The Once and Future “Net Neutrality”


Late last month the Biden Administration finally got around to nominating a new commissioner to the Federal Communications Commission to replace Chairman Ajit Pai, who left the FCC at the beginning of the year. Also nominated was a current commissioner, Jessica Rosenworcel, for another term and also to become the new chair of the Commission. Given the likely new leadership, speculation began immediately about what would happen to the so called “net neutrality” debate. The outlook is for yet more years of policy whiplash, from pro-innovation back to pro-regulation, that collectively will dish up greater uncertainty for the public and for industry.

California though, is getting a double helping. 

For more than two decades, a light-touch regulatory model powered by a free market prevailed and delivered more broadband, more places, more often, and to more people. But a new vision emerged several years ago through heavy handed regulation and restrictions cloaked in the innocent sounding name of “network neutrality.” This top-down, central control vision would force the internet to adhere to 70-year-old restrictions created to constrain a government protected monopoly that provided the rotary dial telephone. Fruition of that vision would end the “open internet” and what the FCC defined as allowing “…consumers can go where they want, when they want.”

Knowing that its actions, or choice not to act, would preempt state action that would create a riot of mismatched rules and laws governing an interstate system, the FCC chose not to act. That is, the FCC opted for greater liberty, greater opportunity for new experiences and greater potential for innovation. But the FCC seems poised to turn away from such consumer freedom unless California beats it to the punch. 

The California legislature, impatient for more government control of the internet, in 2018 passed legislation that is more restrictive than the federal rules in dictating how the internet should be regulated. Knowing that the internet is borderless, they reasoned that if companies had to comply with a state specific law, then that that law would be the de facto regulatory standard for the nation. California would big foot the desires and liberties of its citizens across the country. Federalism was weaponized.

In response to the law, the Trump Department of Justice brought a lawsuit to delay the law. In September, the injunction was denied but telecommunications companies appealed to the 9th Circuit Court of Appeals in September.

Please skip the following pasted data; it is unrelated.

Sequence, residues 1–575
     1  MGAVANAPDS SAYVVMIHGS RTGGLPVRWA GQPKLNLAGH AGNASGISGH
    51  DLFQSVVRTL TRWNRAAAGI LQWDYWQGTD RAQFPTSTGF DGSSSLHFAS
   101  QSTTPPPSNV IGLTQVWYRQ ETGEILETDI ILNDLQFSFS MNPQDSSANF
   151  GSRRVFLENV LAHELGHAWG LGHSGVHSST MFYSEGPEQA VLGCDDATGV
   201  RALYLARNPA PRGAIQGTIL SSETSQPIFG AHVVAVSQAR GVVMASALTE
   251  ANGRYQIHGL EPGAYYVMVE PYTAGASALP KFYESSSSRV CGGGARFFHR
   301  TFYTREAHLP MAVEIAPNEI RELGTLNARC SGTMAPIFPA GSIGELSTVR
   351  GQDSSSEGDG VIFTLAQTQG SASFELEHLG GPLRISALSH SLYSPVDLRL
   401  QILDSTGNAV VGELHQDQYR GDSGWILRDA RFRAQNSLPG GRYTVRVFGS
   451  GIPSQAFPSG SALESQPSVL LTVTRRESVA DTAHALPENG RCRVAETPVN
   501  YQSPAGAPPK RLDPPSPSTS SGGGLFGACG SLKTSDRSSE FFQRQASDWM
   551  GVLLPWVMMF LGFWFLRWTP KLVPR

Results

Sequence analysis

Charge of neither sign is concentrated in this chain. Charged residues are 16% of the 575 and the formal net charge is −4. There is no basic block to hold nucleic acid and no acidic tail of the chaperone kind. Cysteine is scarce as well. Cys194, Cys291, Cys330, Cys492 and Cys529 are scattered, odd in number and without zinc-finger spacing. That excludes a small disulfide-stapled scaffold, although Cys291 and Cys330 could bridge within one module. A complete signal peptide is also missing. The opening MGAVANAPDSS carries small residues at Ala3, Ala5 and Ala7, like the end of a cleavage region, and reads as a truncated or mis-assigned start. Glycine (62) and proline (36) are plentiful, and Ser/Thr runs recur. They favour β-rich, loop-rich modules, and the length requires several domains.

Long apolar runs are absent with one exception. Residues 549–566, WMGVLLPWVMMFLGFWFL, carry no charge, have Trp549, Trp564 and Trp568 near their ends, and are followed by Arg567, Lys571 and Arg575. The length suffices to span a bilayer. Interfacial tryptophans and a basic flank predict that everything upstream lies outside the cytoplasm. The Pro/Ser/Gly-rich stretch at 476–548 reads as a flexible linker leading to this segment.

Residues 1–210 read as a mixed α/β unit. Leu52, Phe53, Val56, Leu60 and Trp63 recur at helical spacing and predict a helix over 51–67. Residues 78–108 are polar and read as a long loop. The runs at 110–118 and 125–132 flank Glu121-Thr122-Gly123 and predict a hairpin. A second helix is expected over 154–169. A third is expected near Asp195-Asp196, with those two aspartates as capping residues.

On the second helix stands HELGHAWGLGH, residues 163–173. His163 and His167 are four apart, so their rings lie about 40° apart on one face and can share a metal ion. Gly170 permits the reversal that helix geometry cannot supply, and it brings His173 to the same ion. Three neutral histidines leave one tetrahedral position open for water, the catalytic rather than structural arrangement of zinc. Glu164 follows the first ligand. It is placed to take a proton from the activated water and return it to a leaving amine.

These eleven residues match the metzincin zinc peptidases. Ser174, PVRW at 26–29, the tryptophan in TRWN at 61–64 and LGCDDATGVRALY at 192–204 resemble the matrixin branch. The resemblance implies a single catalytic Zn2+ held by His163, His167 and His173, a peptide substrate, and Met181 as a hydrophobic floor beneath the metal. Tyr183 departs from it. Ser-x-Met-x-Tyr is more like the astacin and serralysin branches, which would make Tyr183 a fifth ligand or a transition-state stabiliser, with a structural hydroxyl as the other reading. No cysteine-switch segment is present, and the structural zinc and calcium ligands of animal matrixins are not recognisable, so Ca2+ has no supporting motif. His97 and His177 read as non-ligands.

The law, even lacking immediate enforcement, has already caused a loss for Californians The state’s approach prohibits “zero rating., with internet service providers not allowed to provide broadband access for free. Rather, they are required to charge even if they would have given away access to certain websites or otherwise subsidize service. Providers in the state, because of the law, have already stopped providing sponsored data programs, that is, allowing other companies to pay for customer internet access.

An open internet is best protected as it has been to date, with a free market. That sort of environment has allowed for the explosion of online innovation to date, including a business model that was driving free internet service to consumers. No other model conceived even comes close to providing the flourish of consumer freedom coupled with consumer choice. This is how consumers will continue to be protected, how consumers will continuously benefit from the innovation, investment and creation that follows, and how consumer experiences with content, technology, and information can be consumer driven instead of government determined.

Put another way, we pursued a course of the open internet, a pandemic came, broadband use sky-rocketed and yet the internet was there for us to continue work, education, health care, entertainment and more.

The Court of Appeals gave no time frame for a decision but let’s hope, regardless of how long it takes, that the Court reaches the right result. Liberty frees those in the internet ecosystem just as it does elsewhere, allowing them to pursue their lives and creating an online experience that they desire, not one dreamt up for them in Washington, D.C., or Sacramento.

Bartlett Cleland is senior fellow in tech and innovation at the Pacific Research Institute.

Nothing contained in this blog is to be construed as necessarily reflecting the views of the Pacific Research Institute or as an attempt to thwart or aid the passage of any legislation.

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